A Guide for Living With COPD (2024)

A Guide for Living With COPD (1)

This chronic respiratory disease most commonly affects women aged 65 and older. But there are ways to manage the symptoms and slow down its progression.

By Maria Masters

In the past, chronic obstructive pulmonary disease (COPD)—a lung condition that limits airflow into your lungs and causes difficulty breathing—was thought to be a men’s disease. This was in part because they were more likely to smoke than women, and tobacco products are the leading cause of COPD in the U.S.

But in the past 25 years, women have overtaken men as the primary victims of COPD. This is not only because the rate of smoking among women has increased, but because women seem to be more susceptible to the effects of tobacco and indoor air pollution, as well as simply more genetically prone to the condition, according to research published in the International Journal of Chronic Obstructive Pulmonary Disease.

“Women are more likely to have COPD even if they’ve never smoked or only smoked a small amount,” says Amy Attaway, M.D., a pulmonologist at the Cleveland Clinic, in Ohio. Moreover, women who have gone through menopause may be especially at risk for complications from COPD. “Estrogen is thought to have a protective effect on the lungs when you have it,” she says. “So when you go through menopause, your COPD can get worse.”

Having COPD can also increase your risk for conditions such as heart disease, diabetes, and osteoporosis—just another reason why it’s important to take steps to manage the condition with medication and lifestyle habits. Use this guide to get started.

How COPD Changes as You Age

With the condition, the airways can become narrower and more inflamed, which allows less air to move into and out of your lungs. This leads to trouble breathing, according to the American Lung Association (ALA).

At first, the symptoms of COPD—including fatigue and chest tightness—may be so mild that you may simply chalk them up to the effects of getting older. But COPD is a progressive disease, which means it tends to worsen over time, and complications often crop up in response.

That doesn’t mean you’re inexorably destined to feel worse, however. There are things you can do to manage your symptoms, reduce the risk of flare-ups, and slow down the progression of the disease.

What to Know About Treating Your COPD Over the Long Term

Your doctor will likely prescribe medication as a first-line treatment, but over time you may need to take more steps to manage your symptoms. Here are some of the treatments your doctor may recommend.

  • Bronchodilators, medications that can help relax your airways. They can be short-acting (meaning they work quickly to help you breathe easier) or long-acting (meaning they can help open up your airways over the long term).
  • Corticosteroids, medications that can decrease inflammation and mucus production. They can be taken orally or, when combined with a bronchodilator, inhaled.
  • Pulmonary rehabilitation, in which a doctor, nurse, or respiratory therapist teaches you breathing exercises to improve lung function.
  • Supplemental oxygen, which is delivered via a nasal prong or face mask.
  • Surgery, including a lung transplant, which can help people with severe COPD breathe easier.
  • Regular vaccinations, including those against influenza, respiratory syncytial virus (RSV), shingles, and pneumococcal pneumonia. (Having COPD can make it harder to clear your lungs of bacteria and other irritants, which can raise the risk of infections.)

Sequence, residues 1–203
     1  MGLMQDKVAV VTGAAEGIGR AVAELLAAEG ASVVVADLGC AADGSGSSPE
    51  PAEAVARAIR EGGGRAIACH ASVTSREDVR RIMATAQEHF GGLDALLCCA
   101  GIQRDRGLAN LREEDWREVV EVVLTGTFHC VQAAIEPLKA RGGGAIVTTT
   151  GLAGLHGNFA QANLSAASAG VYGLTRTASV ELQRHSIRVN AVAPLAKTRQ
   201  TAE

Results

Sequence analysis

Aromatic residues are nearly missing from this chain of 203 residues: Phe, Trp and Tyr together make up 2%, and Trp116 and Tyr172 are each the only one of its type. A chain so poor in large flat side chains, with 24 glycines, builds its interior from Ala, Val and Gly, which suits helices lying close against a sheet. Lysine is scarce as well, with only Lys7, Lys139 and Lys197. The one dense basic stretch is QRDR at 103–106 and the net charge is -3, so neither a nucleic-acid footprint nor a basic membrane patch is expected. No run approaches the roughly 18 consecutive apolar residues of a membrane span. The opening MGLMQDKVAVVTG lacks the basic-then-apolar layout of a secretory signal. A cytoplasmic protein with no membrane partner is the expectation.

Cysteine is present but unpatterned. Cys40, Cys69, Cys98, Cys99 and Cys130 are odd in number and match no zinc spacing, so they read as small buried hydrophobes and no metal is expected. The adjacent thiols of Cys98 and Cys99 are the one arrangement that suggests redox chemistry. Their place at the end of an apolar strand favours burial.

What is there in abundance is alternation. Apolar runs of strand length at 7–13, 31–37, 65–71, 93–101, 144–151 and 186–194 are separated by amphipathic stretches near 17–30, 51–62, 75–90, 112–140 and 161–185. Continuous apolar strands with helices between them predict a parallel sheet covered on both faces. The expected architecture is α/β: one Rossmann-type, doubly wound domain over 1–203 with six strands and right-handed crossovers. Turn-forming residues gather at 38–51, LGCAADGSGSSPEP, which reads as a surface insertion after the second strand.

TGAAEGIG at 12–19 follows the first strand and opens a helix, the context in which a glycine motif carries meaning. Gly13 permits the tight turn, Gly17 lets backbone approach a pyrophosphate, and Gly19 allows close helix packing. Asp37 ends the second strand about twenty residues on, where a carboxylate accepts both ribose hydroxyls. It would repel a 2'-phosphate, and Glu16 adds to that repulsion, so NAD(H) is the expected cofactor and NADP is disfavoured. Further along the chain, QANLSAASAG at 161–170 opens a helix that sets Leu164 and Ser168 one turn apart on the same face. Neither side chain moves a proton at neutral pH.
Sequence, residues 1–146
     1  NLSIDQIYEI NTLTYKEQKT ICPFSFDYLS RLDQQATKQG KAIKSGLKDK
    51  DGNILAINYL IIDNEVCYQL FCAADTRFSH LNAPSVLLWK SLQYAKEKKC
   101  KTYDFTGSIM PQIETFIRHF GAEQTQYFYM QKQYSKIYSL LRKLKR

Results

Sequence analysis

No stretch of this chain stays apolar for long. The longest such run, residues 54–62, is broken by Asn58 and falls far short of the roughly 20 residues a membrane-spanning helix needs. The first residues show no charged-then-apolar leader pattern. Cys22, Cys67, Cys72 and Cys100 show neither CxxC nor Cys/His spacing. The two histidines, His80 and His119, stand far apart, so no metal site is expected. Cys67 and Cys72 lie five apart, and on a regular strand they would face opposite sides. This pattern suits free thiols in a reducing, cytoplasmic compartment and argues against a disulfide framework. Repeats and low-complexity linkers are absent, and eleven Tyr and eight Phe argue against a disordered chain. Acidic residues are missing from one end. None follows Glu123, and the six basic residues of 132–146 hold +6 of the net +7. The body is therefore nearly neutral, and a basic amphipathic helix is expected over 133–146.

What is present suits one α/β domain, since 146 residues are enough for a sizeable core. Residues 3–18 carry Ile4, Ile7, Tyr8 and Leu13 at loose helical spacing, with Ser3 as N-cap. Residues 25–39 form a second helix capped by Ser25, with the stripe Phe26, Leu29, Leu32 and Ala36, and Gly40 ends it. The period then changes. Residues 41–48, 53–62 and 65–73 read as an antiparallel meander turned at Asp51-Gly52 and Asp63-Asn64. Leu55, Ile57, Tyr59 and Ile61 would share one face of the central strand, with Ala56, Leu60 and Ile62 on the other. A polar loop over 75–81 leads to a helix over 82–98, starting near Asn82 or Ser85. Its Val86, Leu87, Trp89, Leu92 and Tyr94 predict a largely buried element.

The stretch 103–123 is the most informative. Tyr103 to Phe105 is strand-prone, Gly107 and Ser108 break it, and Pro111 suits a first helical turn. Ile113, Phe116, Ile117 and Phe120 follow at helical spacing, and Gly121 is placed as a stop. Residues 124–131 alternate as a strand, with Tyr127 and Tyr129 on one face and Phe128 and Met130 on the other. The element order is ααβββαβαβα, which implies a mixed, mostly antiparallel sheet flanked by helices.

The Comorbidities of COPD

The chronic inflammation from COPD can also increase your risk for other health conditions, says Dr. Attaway:

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Lung cancer

Among people who smoke, those who have COPD are about six times more likely to have lung cancer than those who don’t have COPD, according to a review published in 2022. While smoking is a risk factor for both lung diseases, it’s also thought that the chronic inflammation from COPD can cause further damage to the lungs that increases the risk for lung cancer.

What to do: Talk to your doctor about being screened for lung cancer once a year with a low-dose computed tomography (CT) scan (which uses a small dose of radiation). The test can detect lung cancer in people who are at high risk for the disease before the symptoms appear, says Craig Hersh, M.D., a pulmonary-medicine specialist at Brigham and Women’s Hospital, in Boston. And if you currently smoke, you may benefit from a smoking-cessation program.

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Depression and anxiety

Up to 33% of people with COPD have mental-health conditions such as anxiety and depression, according to another review published in 2022. And not only can the condition take a toll on your mood, but mental-health disorders can also worsen your COPD. “If you’re too short of breath to get out of the house and interact with people, that can worsen your depression,” says Dr. Hersh.

What to do: Practicing relaxation techniques and breathing exercises can help quell anxiety. You may also benefit from a COPD support group, or counseling or medication from a therapist, psychologist, or psychiatrist.

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Osteoporosis is common among both post-menopausal women and people with COPD, who are especially prone to the bone condition. According to a study published in 2022, about 58% of people with COPD have low bone density. “Cigarette-smoking makes osteoporosis worse,” says Dr. Hersh, “as do some of the treatments for COPD, like steroid medication.”

What to do: Talk to your doctor about receiving regular bone scans for osteoporosis, says Dr. Hersh. You may also be a candidate for medications that can help slow down bone loss or prevent bone fractures, such as hormone therapy or bisphosphonates.

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About one in six people with COPD may be malnourished, in part because they usually need to work much harder to breathe than someone without the disease. People with COPD can also experience appetite loss. “The lungs can be very hyper-inflated, so there’s less room for your stomach,” says Dr. Attaway.

What to do: Try adding more protein, such as chicken, eggs, or fish, into your diet. Protein can help strengthen your respiratory muscles, which can help you breathe easier, according to the American Lung Association.

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High blood pressure